Interview: Sister Andrea Fraile - Campaign Life 2017
Interview FAITH MAGAZINE November - December 2014
Andrea Fraile is a Sister of the Gospel of Life, a Glasgow-based religious community who describe their main apostolate as “the promotion of the dignity of the human being, particularly as regards the role of the family, the sanctity of motherhood, a renewed understanding of the complementarity of the sexes and catechesis”. The Sisters operate the Cardinal Winning Pro-Life Initiative, which was founded in 1997 by the late Archbishop Thomas Winning of Glasgow. Next month they will launch Campaign Life 2017, a three-year initiative leading up to the 50th anniversary of the 1967 Abortion Act.
Editor: So, Campaign Life 2017. Tell us a bit about it?
Sister Andrea: Campaign Life 2017 is designed to gather together and mobilise people in the cause of life, so that, by the time the 50th anniversary of the passing of the Abortion Act comes along on 27 October 2017, the pro-life movement in Scotland will have a more powerful voice than ever. The campaign will be launched on 22 November at the St Margaret Queen of Scots Ladies’ Lunch, a gathering of around 120 women who, either explicitly or implicitly, live the pro-life message. Throughout the course of the sumptuous lunch there will be a series of short talks given by courageous women, as well as live entertainment, and the event will be an opportunity for women of all walks of life to come together and talk – something women are particularly good at.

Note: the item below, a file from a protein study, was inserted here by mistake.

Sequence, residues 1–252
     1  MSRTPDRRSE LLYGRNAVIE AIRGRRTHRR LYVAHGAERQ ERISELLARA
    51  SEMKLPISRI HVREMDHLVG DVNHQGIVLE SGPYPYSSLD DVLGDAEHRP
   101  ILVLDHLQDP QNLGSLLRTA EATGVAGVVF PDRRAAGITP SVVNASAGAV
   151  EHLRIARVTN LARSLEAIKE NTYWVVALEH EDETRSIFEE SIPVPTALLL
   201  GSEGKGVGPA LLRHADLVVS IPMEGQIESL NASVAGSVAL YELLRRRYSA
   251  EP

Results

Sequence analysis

The idea is that Campaign Life 2017 will hold an entire series of events over the following three years – on the feast of the Holy Innocents in December, for instance, or a day for men on the feast of St Joseph in March. There will also be information and training days for various groupings of people for whom the pro-life message is deeply relevant, like clerics and religious, teachers, medics, social workers. We invite people everywhere to commit themselves more fully to the great cause of life, through prayer, learning and action.
Editor: How will you judge the success of the campaign? And how confident are you of that success?